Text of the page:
This post was originally published on MicroCapital

Since 2016, the 95-member Cambodia Microfinance Association (CMA), IncofinMIMOSA, the Credit Bureau of Cambodia, and several other stakeholders have been developing the CMA Lending Guidelines, under which microfinance institutions (MFIs) are working together to prevent over-indebtedness in Cambodia. The project is funded by Incofin, PROPARCOBIOFMO and ADA.

MicroCapital: How long have you been concerned about possible overheating in the Cambodian microfinance market?

Kea Borann: Concerns of the market overheating started at least as early as 2015. Since then, the total outstanding portfolio of the industry has been growing at an average of 25 percent per year, even as the number of loans has remained unchanged at 2.3 million. This seems to mean that the same clients are taking on more debt when their loans are renewed. The average loan size grew from USD 1,691 to USD 3,003.

Dina Pons: This phenomenon is coupled with another: While most loans had a tenor of 12 to 24 months in the past, we now see loan maturity as high as four or even five years.

MC: What metrics do the Lending Guidelines measure?

Daniel Rozas: It’s a mix of traditional indicators for measuring over-indebtedness, such as multiple borrowing and loan-to-income ratios, but we’ve also added metrics for measuring loan refinancing, that is to say taking out new (and usually larger) loans to refinance existing loans that have not yet matured.

MC: What obstacles did you overcome to bring the partners together?

DP: The first obstacle is related to differences of opinion on risk levels. Contrary to overheating microfinance markets in other parts of the world, Cambodia does not have high levels of multiple borrowing. Instead, it has a fast increase of average loan size vs GDP per capita. This is coupled with a noticeable increase of loan tenor.

Some argue that the country’s annual GDP growth of 7 percent justifies extending the maturity of a loan in order to inject more cash into a business if the monthly installment remains the same. On the contrary, defenders of the Lending Guidelines argue that credit risk increases if the time required to repay a loan exceeds the time required to create the income required to repay the loan.

Meanwhile, self-regulatory measures are very hard to implement because they are based on willingness to comply. While many MFIs understand the value of the Lending Guidelines, some fear that non-endorsing competitors will take advantage of the situation to grab market share in pursuit of short-term profits.

MC: How are MFIs adjusting their processes to stay within the guidelines?

KB: MFIs that have endorsed the Lending Guidelines are adapting their credit underwriting policies and enhancing their risk management practices. They are also putting more emphasis on helping their staff communicate better with clients about the risks of taking on too much debt, especially with longer tenors. In support of this, CMA has pro­duced a range of educational videos and press releases. The association has also has done a lot of advocacy with industry stakeholders to build their support for the Lending Guidelines.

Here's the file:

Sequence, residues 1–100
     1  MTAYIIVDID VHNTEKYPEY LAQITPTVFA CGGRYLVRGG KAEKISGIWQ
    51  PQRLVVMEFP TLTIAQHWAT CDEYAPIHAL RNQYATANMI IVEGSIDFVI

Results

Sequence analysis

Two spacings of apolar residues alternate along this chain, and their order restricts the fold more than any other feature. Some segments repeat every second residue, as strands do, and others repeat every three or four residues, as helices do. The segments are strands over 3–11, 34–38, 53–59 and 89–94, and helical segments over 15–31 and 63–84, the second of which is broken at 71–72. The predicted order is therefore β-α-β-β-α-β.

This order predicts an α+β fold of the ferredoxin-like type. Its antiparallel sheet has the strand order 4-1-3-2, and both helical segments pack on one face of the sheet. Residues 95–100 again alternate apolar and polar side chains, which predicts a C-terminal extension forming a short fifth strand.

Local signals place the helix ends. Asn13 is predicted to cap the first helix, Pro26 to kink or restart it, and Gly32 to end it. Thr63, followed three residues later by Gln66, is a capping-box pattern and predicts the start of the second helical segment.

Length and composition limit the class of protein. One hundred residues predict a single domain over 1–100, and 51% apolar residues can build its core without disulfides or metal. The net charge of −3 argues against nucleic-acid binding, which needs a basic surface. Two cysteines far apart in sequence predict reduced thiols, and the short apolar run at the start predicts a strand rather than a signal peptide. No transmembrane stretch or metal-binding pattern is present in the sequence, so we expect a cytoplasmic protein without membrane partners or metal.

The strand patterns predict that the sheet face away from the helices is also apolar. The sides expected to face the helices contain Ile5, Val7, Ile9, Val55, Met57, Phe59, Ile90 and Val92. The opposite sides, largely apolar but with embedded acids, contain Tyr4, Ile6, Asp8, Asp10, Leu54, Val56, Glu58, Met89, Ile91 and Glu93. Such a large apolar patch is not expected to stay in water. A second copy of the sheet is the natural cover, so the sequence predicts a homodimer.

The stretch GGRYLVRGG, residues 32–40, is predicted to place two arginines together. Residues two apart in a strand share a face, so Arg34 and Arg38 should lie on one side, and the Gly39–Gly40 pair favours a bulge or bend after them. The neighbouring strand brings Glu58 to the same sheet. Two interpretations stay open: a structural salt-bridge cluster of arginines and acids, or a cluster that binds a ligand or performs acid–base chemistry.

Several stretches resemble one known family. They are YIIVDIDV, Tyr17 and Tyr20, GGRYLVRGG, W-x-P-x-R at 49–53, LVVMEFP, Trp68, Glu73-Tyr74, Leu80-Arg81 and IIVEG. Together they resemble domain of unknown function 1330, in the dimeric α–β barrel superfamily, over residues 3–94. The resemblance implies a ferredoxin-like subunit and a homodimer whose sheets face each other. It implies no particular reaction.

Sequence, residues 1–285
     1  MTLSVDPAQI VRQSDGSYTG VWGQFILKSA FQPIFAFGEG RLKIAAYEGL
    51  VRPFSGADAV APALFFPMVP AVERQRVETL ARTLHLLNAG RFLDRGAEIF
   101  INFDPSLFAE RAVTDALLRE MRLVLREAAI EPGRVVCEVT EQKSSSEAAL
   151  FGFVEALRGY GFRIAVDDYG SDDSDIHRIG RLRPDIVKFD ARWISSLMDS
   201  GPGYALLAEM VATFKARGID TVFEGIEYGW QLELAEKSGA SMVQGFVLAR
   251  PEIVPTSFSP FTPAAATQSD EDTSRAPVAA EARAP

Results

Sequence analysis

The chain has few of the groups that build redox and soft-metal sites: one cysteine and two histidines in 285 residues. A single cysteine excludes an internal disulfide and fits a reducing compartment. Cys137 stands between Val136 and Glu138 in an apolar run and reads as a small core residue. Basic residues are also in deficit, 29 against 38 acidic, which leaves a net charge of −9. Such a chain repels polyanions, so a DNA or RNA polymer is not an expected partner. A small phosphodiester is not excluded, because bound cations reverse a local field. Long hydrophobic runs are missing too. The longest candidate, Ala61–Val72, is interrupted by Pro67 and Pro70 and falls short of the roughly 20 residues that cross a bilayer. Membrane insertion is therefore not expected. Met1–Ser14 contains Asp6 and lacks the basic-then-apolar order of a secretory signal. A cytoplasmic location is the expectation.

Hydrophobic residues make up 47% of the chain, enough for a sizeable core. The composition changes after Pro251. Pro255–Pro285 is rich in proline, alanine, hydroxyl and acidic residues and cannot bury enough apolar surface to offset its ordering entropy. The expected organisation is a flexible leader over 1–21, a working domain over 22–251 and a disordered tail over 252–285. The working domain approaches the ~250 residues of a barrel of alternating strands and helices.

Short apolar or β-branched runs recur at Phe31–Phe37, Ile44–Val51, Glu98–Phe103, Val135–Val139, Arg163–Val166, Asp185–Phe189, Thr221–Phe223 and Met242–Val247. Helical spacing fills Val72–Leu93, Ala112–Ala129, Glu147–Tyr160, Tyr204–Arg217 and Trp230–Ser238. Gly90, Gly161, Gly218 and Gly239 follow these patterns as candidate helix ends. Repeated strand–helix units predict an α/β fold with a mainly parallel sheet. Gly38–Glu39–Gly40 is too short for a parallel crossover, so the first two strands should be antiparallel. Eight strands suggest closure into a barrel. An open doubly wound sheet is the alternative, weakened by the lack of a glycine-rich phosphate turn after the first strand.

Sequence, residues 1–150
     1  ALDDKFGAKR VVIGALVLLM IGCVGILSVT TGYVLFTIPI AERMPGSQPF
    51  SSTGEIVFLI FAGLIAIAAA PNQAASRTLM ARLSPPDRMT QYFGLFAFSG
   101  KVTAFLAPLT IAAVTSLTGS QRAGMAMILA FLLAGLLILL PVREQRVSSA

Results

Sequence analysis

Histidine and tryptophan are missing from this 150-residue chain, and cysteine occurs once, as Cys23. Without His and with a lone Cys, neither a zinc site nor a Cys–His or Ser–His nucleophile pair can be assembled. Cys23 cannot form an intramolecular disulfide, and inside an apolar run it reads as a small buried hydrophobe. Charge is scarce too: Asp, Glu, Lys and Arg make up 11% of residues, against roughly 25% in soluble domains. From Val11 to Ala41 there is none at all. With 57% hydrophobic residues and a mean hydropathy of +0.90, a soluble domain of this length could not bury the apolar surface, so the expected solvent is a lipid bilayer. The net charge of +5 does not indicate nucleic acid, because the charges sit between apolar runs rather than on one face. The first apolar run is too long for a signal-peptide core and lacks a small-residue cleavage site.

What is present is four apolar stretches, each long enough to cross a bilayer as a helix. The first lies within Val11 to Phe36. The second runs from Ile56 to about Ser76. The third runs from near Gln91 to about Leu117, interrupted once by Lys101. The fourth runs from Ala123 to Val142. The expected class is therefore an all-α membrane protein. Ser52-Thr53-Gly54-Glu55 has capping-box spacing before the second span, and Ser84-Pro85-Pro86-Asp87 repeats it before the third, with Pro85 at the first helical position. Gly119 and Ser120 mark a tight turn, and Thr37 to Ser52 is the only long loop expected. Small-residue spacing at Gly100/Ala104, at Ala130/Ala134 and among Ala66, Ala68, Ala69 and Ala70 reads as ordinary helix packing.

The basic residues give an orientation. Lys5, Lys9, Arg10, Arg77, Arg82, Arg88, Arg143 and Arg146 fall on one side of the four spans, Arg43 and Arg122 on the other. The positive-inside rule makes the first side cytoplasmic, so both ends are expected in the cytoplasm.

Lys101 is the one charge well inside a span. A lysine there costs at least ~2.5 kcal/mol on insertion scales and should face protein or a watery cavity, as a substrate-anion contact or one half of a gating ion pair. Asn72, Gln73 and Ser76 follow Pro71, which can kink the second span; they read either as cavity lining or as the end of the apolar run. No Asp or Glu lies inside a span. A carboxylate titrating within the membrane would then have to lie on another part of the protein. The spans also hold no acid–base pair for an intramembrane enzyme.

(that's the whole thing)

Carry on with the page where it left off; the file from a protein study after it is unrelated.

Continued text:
MC: What is the reaction from investors and regulators?

DP: Both the National Bank of Cambodia (NBC) and the investor community – more than 24 microfinance investment vehicles and development finance institutions – have been very supportive of this initiative. When the Lending Guidelines were formally unveiled in December 2016, NBC and several lenders made public statements calling on MFIs to adopt them.

Today, the Credit Bureau of Cambodia issues each MFI a monthly “dashboard” that shows its level of compliance with the key metrics of the Lending Guidelines. These dashboards are sent to NBC, and they are also used by a growing number of investors when conducting monitoring visits and discussing funding rollovers and increases.

MC: What are the next steps?

DR: In the near term, we’re focused on tightening monitoring to minimize the room for MFIs to “game” the system through practices that meet the technical requirements of the metrics, even as they violate the spirit of the Lending Guidelines. This is an inevitable part of performance metrics; whichever way you define them, clever individuals will try to find a way around them. In the longer term, we expect to expand the Lending Guidelines to cover other relevant lending practices, as well as bring outside parties – including commercial banks – into the framework. We also hope that NBC can play a more proactive role in helping “call out” financial services providers that are flouting the Lending Guidelines and putting clients at risk. This is critical to insuring that the Lending Guidelines remain a meaningful force in Cambodia over the long term. 

Kea Borann is Board Chair of the Cambodia Microfinance Association and the CEO of microfinance institution AMK. Dina Pons serves as the regional director for East Asia as well as impact manager for Incofin. Daniel Rozas is the co-founder of MIMOSA and Senior Microfinance Expert at e-MFP. Representatives of all three organizations will discuss the Lending Guidelines in much greater detail at European Microfinance Week.

Photo: Brett Matthews

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